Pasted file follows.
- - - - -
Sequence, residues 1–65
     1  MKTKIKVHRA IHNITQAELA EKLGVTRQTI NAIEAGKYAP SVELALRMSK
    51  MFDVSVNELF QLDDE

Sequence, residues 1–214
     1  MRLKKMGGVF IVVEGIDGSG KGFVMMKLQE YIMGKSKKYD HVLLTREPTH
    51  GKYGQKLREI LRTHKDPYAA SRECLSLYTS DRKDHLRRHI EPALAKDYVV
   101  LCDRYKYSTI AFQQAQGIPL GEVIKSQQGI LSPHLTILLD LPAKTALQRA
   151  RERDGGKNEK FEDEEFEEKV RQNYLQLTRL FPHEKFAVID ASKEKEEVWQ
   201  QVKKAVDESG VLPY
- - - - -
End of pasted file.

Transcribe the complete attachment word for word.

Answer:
Sequence, residues 1–65
     1  MKTKIKVHRA IHNITQAELA EKLGVTRQTI NAIEAGKYAP SVELALRMSK
    51  MFDVSVNELF QLDDE

Sequence, residues 1–214
     1  MRLKKMGGVF IVVEGIDGSG KGFVMMKLQE YIMGKSKKYD HVLLTREPTH
    51  GKYGQKLREI LRTHKDPYAA SRECLSLYTS DRKDHLRRHI EPALAKDYVV
   101  LCDRYKYSTI AFQQAQGIPL GEVIKSQQGI LSPHLTILLD LPAKTALQRA
   151  RERDGGKNEK FEDEEFEEKV RQNYLQLTRL FPHEKFAVID ASKEKEEVWQ
   201  QVKKAVDESG VLPY